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Rollei 16S Submini
-the Rolls Royce of 16mm still cameras -
Carl Kolchak's camera - The Night Stalker!
The Rollei 16 (and its successor the 16S pictured here) are the Rolls Royce of 16mm still cameras. Beautifully finished, beautifully engineered, very expensive when new, and arguably the best of their kind -- among the best made "subminiatures" ever. Introduced in 1966 and produced until 1972, they arrived at the end of the 16mm sub-mini camera craze that flourished after WWII.
However, as beautiful as they are, Rollei 16's make little sense today other than as a collectibles. The problem is technology has completely passed them by. Later compact full frame 35mm compacts like the Olympus XA and Rollei 35 S the photographer much, much more in features and considerably better picture quality. Unless you are a devoted Rollei or Sub-mini fan, forget shooting these babies. There are many more better choices for shooters. Well, unless, maybe, you are Kolchak fan and just can't help yourself.
The lens is one of the sharpest ever on a Submini, the 25/2.8 Zeiss Tessar. Optional were the beautifully made, and sharp, Zeiss Mutar wide and tele auxiliary lens attachments which bayoneted over the 25/2.8's size "0" Rollei bayonet. The filters bayoneted in too, an attention to fine detail not often found in sub-minis. The collapsible finder (you pull it out from the body) is very clear and contains the frame outlines for the normal as well as the wide and tele Mutars. But the best is that you have a parallax-corrected viewfinder! No rangefinder folks, you focus by scale guestimate, but with a lens this short it works just fine. The 16S offered programmed shutter speeds 1/30th to 1/500th using its selenium meter. Manual set exposure was not possible. The film format is 12x17mm, using 16mm movie film spooled in special Rollei 16 cartridges. That's right, no special cartridges, no special Rollei 16 photos.
Notice the large easy to grasp and use controls - very large in fact for a sub-mini. Shown here are the film rewind knob, the focusing scale, and the meter ISO setting.
For a camera of its genre, the finder, was just magnificent. Easy to use, quick to open or collapse, and incredible with parallax compensation - as you focused the framelines moved for more accurate framing!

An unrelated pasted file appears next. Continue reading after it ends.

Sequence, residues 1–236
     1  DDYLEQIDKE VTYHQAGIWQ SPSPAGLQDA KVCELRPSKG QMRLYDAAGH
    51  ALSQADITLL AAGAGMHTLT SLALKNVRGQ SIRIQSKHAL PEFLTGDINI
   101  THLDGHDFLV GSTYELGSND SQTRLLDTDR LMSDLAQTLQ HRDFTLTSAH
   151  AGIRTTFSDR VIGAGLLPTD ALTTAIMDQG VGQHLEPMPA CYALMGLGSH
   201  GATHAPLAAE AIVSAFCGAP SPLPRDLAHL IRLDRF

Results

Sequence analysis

Originally only made in chrome and black snake skin, late models offered options of red, green, and creme colored snake skin. The 16S was produced from 1966 to 1972, with a total production of just under 20,000 units. Weight 9 1/2 oz, more than modern full frame 35 point and shoots with many more features. So the 16S was among the best of it's kind ever made, yet it didn't succeed that well in the market. It seems it had to compete with a new compact full frame 35 which was introduced in 1966, the Rollei 35!
As full frame 35mm cameras became smaller and smaller, sub-mini cameras with their difficult to find film (and usually proprietary film to that camera) made less and less sense. Ironically the death Nell to the Rollei 16 was Rollei's own fabulously successful and very small full frame Rollei 35. It was actually about the same size as the 16 overall, yet gave much better pics using standard develop anywhere full frame 35mm film! Introduced, you guessed it, the same year as the Rollei 16S - 1966.
Old classic with a modern classic, the 16S beside a Canon IXY, aka ELPH
Carl Kolchak - the Night Stalker
If you are a Kolchak fan, you know of which I speak. If not, see http://en.wikipedia.org/wiki/Kolchak:_The_Night_Stalker Kolchak was an interesting disheveled Chicago newspaper reporter, kind of Jim Rockford type character. Kolchak, wonderfully played by Darin McGavin, loved to solve the impossible X-Files type stories while almost always carrying his trusty camera - a Rollei 16S in The Night Stalker TV show (recently made available on DVD). Most episodes are made more memorable by having far more than their share of the very best character actors of the day. Casting did a particularly good job on the short lived Night Stalker series.
Most Kolchak internet pundits inaccurately describe his camera as a 110 camera (i.e. 110 film format). Some even say Kolchak used a digital camera! No indeed, he used a fabulous film 16mm camera, the Rollei 16S with electronic flash - like the one shown on this page. The joke is that by misidentifying Kolchak's camera, they are falling for an insider Kolchak joke!
You see, the Rollei 16S was a sophisticated connoisseurs camera -- the Rolls Royce of its genre: beautiful, expensive and arguably the best of its type (16mm sub-mini film camera) EVER made! In short, it was as unlike the very pedestrian Kolchak character as the writers could possibly find -- a very very UNLIKE Kolchak camera. Yet it was arguably a good choice for the Kolchak character, as the Rollei 16S was small and compact for its time and very easy to use - even for a non photographer like good 'ole Carl!
That most Kolchak fans did not know about enough about cameras to be in on the joke only makes the joke that much funnier. But it brings up a another question: What other inside Kolchak jokes await discovery by the dedicated Kolchak archeologist?
You can find out more about the 16S here: http://www.submin.com/16mm/collection/rollei/cameras/16s_introduction.htm Note www.submin.com is a great source of sub-mini info! If you want to buy your own Kolchak camera, you most likely can on Ebay, see http://www.ebay.com/sch/i.html?_nkw=....c0.m270.l1313
Revised: April 22, 2012 . Copyright © 1998-2012 Stephen Gandy. All rights reserved. This means you may NOT copy and re-use the text or the pictures in ANY other internet or printed publication of ANY kind. Information in this document is subject to change without notice. Other products and companies referred to herein are trademarks or registered trademarks of their respective companies or mark holders.